The move led to inhouse discussions about the potential shape of a music company in a world where digital sales were rapidly eroding the market for physical product. While the new paradigm could present problems to large companies entrenched in an old model, the Bertelsmann execs saw opportunities in an operation that could embrace a reconfigured business focused on managing rights, licensing masters and collecting public performance fees (a major revenue stream in Europe). They paid particular attention to the service-driven style of pubbery Kobalt Music, which now handles such top stars as Paul McCartney and Foo Fighters’ Dave Grohl.
“We spent some time (asking), what is the backbone in the digital world?” Masuch says.
One of the answers was to sweat the small stuff.
With the digital business shifting emphasis from the sale of high-priced CDs to 99¢ downloads and from albums to single tracks, BMG saw an analogy between the new world of music sales and the music publishing business.
“It’s a penny business,” Masuch says. “You can’t measure everything by gold and platinum records. (That) world is done. We have to monetize very small income streams. If everything is in violent fragmentation, you have to be able to survive as an artist on small transactions.”
Masuch sees the digital world as transferring power to content creators, with the high cost of production, marketing and distribution slashed in favor of digital distribution. And once acts connect with their potential market, they don’t long for bygone ways of doing business.
“They never come back to the old world and say, ‘Glad I can be in your arms, take care of me,’ ” he says.
While BMG has acquired thousands of so-called “evergreen” copyrights in its publishing purchases, Masuch notes that the value of most copyrights erodes over time, and the company can see continued success only by developing new writers. He points to songwriter-producer Busbee, who has worked with Lady Antebellum, Katy Perry, Christina Aguilera and Blake Shelton, as an example of the young talent signed to the firm.
“We work with talent that was emerging three or four years ago and now (has) big worldwide hits,” Masuch says. “You have a great portfolio, you get relevance in the licensing market and you protect your investors with a stable catalog. But if you want to add value to the whole discussion, you have to work with young writers and you have to develop artists. That is the mantra of this industry.”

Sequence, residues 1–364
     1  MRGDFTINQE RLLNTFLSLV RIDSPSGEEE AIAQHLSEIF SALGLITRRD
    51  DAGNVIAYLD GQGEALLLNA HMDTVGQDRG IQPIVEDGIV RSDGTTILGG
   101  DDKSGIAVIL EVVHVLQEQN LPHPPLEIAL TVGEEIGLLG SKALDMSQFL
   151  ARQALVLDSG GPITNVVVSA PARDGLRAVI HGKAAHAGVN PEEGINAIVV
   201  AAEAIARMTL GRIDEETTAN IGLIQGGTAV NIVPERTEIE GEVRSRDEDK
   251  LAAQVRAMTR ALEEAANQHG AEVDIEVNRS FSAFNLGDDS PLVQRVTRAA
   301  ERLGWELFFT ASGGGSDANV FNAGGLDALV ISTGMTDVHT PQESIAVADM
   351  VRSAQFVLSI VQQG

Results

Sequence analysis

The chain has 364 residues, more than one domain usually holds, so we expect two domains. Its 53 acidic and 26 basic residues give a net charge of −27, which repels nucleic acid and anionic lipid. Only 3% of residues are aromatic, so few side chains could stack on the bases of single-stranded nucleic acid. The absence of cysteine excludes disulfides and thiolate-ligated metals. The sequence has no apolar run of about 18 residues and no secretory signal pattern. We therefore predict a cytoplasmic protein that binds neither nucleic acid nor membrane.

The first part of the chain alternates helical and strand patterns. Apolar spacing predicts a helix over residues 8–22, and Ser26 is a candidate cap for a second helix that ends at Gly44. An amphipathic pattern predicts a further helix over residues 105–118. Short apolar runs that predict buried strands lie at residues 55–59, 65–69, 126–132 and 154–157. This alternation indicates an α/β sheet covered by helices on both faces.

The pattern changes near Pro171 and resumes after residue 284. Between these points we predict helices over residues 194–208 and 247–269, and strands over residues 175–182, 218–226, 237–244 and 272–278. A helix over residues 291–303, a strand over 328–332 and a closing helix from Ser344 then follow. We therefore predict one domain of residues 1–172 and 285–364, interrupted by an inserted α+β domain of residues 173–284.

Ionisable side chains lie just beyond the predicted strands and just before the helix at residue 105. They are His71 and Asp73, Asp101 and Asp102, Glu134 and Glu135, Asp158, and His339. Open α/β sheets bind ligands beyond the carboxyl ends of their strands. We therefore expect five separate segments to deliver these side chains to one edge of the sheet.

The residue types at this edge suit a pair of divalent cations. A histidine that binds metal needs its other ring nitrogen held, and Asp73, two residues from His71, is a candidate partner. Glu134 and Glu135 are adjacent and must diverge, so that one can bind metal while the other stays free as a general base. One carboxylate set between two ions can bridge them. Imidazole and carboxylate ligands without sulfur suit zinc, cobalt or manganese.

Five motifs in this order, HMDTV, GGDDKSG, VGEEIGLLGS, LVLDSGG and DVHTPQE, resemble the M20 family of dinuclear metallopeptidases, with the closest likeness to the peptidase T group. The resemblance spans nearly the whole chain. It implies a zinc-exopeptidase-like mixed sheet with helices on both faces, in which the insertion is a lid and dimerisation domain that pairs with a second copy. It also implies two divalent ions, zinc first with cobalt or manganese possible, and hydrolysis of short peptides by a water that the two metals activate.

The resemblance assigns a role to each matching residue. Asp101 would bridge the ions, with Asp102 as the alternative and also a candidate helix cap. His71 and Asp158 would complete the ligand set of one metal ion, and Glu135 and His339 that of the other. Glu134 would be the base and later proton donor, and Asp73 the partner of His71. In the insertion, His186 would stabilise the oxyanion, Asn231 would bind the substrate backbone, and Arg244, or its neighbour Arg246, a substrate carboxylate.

BMG has moved beyond its commitment to publishing with deals that involve artists’ song and master rights. In addition to repping acts’ publishing, the company will fund the artists’ recordings, in what Masuch describes as “a very strict and rational investment plan,” and will secure distribution for the work. Boyz II Men, Anastacia and Bryan Ferry are among the performers who have sealed such pacts.
Masuch points to the new album by former Roxy Music lead vocalist Ferry — “The Jazz Age,” an album of hot-jazz arrangements of the musician’s repertoire, issued in the U.S. on Feb. 12 — as an ideal example of the type of project BMG sees as worthy of sponsorship — one that helps artists access their market, without the company overexposing itself financially.
Masuch sees Ferry as an iconic talent who wants a bigger output level. “Very quietly in Europe, we’ve sold around 70,000 digital bundles and albums of ‘The Jazz Age,’ ” he notes. “(There’s) nothing wrong with an artist selling 20,000 or 30,000 units of a record. Nobody has proved that only artists or records where $500,000 (is) invested have the right to be properly marketed.”
In the immediate future, observers also can expect to see BMG continue its burgeoning acquisition of master recordings. In addition to its Sanctuary and Mute holdings, the company retains the catalogs of 200 artists secured in its parting of the ways with Sony. Masuch sees BMG’s profile in master rights as mirroring the importance of its profile in publishing rights.
“The more you are able to license masters and publishing from one source, the easier business is,” he says. “Absolutely our priority this year is to move forward on that business. There are several ways to go. You can buy aggregates, like Parlophone, or you can look at individual artists.”
Ultimately, though he spent more than two decades in the old-school record biz, Masuch is in no way nostalgic or sentimental about the way things used to operate.
“We don’t want to be in the traditional label business,” he says. “I think the model we’ve refined or proposed is a very attractive alternative.”